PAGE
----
The Egyptian government is trying to head off a new wave of labor strikes that have erupted since a standoff at a key textile plant last week. Workers at a number of factories around the country have announced strikes, but their demands have been quickly met. A top labor advocate says the government is trying to stop the industrial actions from becoming a wider political crisis. VOA's Challiss McDonough has more from Cairo.
When 27,000 workers at Egypt's largest textile factory walked off the job for the second time in a year, it took less than a week before high-level negotiators agreed to meet almost all of their demands to get the state-owned factory back online.
After the success of the striking workers in Mahalla, other strikes popped up around the country, including at a textile plant in Damietta, and a linseed oil factory in Tanta, both in the Nile Delta north of Cairo. In those cases, the government has quickly given in to workers' demands.
The state-owned press has downplayed the political aspects of the wave of labor unrest. Three government-run newspapers quoted Prime Minister Ahmed Nazif saying the government is concerned about workers' rights.
Several analysts say the government is trying to quickly end the strikes and keep the focus on economic issues because it fears labor unrest might spread and become more political.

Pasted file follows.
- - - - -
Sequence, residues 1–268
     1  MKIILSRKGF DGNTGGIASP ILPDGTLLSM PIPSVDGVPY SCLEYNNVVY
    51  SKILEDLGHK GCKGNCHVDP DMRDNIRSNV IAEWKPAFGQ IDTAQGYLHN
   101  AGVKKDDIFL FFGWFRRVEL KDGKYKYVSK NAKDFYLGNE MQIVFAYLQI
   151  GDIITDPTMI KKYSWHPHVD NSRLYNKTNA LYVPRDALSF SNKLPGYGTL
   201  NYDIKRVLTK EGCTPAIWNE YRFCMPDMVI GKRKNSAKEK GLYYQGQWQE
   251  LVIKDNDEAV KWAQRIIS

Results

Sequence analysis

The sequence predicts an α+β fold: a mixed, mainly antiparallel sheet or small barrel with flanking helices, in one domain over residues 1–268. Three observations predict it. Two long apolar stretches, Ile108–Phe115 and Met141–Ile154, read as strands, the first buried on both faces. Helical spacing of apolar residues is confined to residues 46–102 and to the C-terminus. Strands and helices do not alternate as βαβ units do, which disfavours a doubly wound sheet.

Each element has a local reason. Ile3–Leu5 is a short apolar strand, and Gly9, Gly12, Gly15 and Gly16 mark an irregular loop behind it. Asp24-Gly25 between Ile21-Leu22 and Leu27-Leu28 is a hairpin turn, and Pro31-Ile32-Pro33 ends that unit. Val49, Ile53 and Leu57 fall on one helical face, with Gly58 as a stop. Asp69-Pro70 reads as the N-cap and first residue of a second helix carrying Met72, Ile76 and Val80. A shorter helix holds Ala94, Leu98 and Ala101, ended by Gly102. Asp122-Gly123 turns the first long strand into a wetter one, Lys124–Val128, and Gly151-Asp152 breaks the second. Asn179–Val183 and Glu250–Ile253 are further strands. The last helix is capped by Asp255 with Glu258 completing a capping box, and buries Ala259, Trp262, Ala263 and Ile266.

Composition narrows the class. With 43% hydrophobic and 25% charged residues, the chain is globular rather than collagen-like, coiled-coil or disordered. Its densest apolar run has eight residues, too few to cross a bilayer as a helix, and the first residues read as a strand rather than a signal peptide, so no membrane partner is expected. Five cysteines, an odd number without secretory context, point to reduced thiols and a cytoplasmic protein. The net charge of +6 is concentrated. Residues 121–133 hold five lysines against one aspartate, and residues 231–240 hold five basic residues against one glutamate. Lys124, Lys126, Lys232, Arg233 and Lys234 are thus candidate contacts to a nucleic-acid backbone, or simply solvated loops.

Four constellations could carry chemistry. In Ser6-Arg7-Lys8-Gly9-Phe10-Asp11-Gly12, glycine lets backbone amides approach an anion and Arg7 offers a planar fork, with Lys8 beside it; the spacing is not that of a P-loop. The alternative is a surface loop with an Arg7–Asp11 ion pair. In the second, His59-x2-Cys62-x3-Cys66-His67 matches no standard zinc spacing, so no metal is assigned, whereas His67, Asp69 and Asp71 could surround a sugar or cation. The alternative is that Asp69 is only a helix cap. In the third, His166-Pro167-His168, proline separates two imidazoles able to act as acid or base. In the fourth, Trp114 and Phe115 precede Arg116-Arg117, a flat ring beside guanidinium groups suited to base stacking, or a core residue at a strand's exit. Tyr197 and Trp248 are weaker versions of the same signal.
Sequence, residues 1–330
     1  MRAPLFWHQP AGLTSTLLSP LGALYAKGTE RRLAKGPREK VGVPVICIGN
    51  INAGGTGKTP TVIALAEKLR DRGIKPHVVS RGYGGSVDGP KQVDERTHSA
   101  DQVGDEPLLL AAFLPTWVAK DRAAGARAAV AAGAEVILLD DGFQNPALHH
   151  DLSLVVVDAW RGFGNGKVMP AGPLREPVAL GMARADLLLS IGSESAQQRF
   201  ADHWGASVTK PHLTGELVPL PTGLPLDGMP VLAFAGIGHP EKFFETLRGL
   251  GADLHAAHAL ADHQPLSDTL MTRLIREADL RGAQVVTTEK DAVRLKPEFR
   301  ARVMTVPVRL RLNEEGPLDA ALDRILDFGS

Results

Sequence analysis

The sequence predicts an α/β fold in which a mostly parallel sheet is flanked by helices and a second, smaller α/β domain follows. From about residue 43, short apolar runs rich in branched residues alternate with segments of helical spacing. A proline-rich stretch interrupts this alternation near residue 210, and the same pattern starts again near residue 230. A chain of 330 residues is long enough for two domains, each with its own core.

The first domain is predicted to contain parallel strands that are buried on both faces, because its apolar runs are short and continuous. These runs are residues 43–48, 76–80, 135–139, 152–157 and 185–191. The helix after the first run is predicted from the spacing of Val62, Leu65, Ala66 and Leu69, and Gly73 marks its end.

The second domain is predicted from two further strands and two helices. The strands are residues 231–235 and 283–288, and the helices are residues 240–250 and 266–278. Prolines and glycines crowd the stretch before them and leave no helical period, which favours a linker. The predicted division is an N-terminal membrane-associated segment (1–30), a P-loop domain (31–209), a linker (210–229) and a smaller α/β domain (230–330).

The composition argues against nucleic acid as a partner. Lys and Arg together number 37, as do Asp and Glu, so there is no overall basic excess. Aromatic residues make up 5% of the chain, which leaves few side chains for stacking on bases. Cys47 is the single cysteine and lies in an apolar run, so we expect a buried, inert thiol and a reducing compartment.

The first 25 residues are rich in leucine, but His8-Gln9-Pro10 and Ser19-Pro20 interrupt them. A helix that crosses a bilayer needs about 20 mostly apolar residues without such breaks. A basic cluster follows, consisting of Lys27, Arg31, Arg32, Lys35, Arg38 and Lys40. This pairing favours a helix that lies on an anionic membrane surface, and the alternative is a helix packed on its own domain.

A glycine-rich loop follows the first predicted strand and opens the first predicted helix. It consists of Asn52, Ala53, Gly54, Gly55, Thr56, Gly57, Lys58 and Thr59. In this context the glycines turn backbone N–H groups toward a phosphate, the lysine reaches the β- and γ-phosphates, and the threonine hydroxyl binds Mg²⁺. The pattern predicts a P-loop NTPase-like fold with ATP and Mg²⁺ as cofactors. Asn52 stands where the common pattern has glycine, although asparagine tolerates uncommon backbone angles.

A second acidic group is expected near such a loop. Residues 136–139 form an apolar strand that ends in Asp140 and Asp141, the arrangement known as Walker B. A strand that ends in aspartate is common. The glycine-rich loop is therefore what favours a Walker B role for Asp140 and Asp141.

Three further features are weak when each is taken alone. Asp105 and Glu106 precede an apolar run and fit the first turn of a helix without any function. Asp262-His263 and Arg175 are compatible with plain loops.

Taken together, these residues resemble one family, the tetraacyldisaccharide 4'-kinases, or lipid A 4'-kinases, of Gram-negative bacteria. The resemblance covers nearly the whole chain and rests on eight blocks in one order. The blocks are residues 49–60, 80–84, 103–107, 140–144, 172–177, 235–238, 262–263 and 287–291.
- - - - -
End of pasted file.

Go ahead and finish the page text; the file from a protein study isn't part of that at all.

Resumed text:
Top labor rights advocate Kamal Abbas notes that unlike major work stoppages in 1989 and 1994, these striking workers have generally not been met with force.
He says the government is largely meeting workers demands so they do not widen, and so there will be no merging of labor strikes and political resistance.
The government's approach to the striking workers is in marked contrast to its recent crackdown on political opposition leaders and critics in civil society. Five independent newspaper editors were recently sentenced to prison terms, opposition presidential candidate Ayman Nour is in jail, and senior leaders of the Muslim Brotherhood are facing trial in military courts.
Abbas was director of the Center for Workers and Trade Union Services, a non-governmental group that was shut down by the government several months ago after 17 years of educational work and legal advocacy on behalf of Egyptian laborers.
He says most of the political opposition groups are largely elite movements, with little grassroots support, but the government cannot afford to antagonize the country's workforce.
He said he expects the number of strikes to increase as inflation continues to rise, hitting workers' pocketbooks.
The government acknowledged Wednesday that food prices have spiked by 16.4 percent this month.
Poor Egyptians are finding the price increases especially hard to bear during the Muslim holy month of Ramadan, when they traditionally break their daytime fasts with a special meal known as Iftar. They are also preparing for the Eid al-Fitr holiday celebrations to mark the end of Ramadan.